However, Tan said she did not believe the provisions of Section 31 and Section 33 covers the “basikal lajak” situation, noting: “Those children chose to go out in the very early hours of the morning to carry out those activities. There is no evidence to suggest that the parents allowed or agreed to their children carrying out these activities.”
“There are so many tragedies in this case: punishing the parents would do them and society more harm than good,” she added.
Asked what would be the possible problems of using the Child Act against parents whose children became involved in “basikal lajak” activities, Tan noted : “The parents themselves may be in need of assistance, be it parenting skills, counselling, therapy or financial. The pressure on parents to keep their families fed and clothed in these extremely difficult times cannot be underestimated.”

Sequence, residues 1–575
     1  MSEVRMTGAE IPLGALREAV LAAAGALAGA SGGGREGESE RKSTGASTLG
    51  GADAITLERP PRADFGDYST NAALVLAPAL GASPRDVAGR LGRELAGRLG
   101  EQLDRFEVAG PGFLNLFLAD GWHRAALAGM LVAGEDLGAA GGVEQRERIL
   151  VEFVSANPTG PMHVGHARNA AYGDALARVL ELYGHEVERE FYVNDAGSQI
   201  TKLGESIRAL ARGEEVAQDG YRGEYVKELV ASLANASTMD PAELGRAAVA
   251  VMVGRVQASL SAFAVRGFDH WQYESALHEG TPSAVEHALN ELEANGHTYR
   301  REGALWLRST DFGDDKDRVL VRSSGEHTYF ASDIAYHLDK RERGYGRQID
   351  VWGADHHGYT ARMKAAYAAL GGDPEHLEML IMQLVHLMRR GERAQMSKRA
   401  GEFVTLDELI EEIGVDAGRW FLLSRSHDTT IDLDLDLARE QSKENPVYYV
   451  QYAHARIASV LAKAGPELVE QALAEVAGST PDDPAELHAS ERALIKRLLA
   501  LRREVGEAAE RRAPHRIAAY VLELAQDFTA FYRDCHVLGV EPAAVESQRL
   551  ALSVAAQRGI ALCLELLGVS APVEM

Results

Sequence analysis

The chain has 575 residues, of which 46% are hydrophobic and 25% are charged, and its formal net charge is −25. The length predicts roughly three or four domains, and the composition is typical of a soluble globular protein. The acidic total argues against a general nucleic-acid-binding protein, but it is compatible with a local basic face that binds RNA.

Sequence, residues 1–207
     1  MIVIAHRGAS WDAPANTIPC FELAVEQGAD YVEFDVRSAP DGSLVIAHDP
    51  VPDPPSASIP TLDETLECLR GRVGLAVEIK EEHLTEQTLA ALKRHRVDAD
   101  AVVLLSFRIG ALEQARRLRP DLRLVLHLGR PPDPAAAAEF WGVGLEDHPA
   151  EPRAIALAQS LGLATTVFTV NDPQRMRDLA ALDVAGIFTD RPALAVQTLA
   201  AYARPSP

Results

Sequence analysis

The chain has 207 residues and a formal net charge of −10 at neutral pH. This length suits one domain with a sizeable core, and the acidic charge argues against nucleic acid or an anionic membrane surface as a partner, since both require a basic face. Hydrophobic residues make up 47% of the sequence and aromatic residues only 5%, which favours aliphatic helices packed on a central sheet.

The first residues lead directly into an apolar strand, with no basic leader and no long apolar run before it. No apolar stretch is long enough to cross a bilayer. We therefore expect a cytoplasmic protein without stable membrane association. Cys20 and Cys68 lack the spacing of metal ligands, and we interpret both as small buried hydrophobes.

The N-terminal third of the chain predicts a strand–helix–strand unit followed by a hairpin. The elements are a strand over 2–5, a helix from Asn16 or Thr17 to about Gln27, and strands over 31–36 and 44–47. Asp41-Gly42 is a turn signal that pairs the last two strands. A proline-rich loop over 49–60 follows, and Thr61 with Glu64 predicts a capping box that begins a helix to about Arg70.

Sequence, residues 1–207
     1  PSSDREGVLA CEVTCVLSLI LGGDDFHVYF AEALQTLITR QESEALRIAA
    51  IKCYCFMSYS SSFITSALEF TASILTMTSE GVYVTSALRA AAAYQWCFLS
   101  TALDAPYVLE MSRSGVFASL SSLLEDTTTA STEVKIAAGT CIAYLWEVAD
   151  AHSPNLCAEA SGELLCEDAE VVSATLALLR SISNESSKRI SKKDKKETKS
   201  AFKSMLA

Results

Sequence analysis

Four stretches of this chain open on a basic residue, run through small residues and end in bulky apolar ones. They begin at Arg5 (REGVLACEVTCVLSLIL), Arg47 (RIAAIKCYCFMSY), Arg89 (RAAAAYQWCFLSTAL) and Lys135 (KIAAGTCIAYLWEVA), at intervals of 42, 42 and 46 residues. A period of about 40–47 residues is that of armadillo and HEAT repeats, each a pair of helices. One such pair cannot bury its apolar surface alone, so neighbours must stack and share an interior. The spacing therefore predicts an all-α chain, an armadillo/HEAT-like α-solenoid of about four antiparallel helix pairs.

She agreed that imprisoning parents could worsen the problem as it could cause parent unavailability to supervise, and agreed that it could quite possibly penalise parents with a lack of resources to provide sufficient supervision.
Tan said she does not agree to criminalising the behaviour of parents for their children’s actions, and said the victims could instead choose to file lawsuits to seek compensation.
“If at all, victims may file civil suits against the children and their parents for tortious acts in the event the elements of the torts can be established,” she said.
She explained that tort is a civil wrong where the claimant is usually asking for monetary compensation, adding that the claimant must first prove that the defendant owed a duty of care to the claimant and that the duty of care was breached and that “Finally, the claimant must also prove that the injury suffered by her was due to the defendant's breach of his duty of care towards her.”